Aside from when your body burns fat, lifestyle changes can affect how much you urinate.

1. Diet Changes

Eating healthier foods like increasing your fruits and vegetables can increase urination because they contain more water than other foods [6].

Some examples of fruits and vegetables that will give you more water in your diet include:

  • Watermelon
  • Strawberries
  • Mango
  • Raspberries 
  • Watercress
  • Lettuce
  • Tomatoes, 
  • Mushrooms 
  • Celery 
  • Carrots 
  • cabbage 
  • Cucumber

Eating these foods and drinking water throughout the day will lower your risk of dehydration.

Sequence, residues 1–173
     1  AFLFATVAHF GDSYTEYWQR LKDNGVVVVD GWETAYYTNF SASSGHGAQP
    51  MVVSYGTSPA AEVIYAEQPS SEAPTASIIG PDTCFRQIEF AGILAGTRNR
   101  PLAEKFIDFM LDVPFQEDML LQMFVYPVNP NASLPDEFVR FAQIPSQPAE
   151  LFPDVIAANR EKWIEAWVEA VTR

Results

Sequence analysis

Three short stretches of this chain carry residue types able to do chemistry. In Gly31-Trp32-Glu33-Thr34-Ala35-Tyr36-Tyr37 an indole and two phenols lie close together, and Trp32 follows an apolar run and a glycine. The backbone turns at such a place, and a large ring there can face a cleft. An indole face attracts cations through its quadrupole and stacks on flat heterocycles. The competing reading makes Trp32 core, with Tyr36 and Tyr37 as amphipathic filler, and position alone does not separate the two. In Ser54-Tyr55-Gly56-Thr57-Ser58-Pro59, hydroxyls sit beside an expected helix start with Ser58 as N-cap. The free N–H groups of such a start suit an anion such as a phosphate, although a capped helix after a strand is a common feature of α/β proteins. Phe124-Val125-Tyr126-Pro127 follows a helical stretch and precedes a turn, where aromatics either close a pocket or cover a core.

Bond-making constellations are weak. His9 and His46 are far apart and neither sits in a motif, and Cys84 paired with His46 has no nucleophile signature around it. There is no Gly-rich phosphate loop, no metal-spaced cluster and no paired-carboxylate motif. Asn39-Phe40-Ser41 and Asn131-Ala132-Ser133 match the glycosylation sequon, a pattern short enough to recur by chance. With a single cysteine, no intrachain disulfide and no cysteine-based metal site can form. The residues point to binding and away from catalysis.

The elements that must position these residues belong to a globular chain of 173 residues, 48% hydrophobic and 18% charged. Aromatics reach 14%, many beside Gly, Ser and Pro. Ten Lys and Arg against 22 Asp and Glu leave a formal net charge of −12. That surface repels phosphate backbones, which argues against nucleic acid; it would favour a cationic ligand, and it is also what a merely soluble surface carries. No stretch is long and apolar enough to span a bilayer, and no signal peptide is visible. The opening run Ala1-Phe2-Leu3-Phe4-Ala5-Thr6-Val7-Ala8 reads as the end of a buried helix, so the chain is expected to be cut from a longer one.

Remember, you may have to adjust your fluid intake with the increased sweating and urination that comes with more exercise and fat burning.

2. Increased Water Intake

A man drinking water

One of the significant changes people make when they adopt a healthy lifestyle to lose weight is increasing their water intake.

Water is an essential tool for any weight loss program because it can make you feel fuller, prompting you to eat fewer calories [7]. However, as you increase your water intake, it's crucial to be aware of the balance of electrolytes in your body.

Include electrolyte-rich foods or supplements if you're drinking more water. Swapping sugary drinks for water cuts calories and boosts hydration.

Hydration is key for health, enhancing metabolism and calorie burning. Your liquid needs vary with diet, activity, and climate.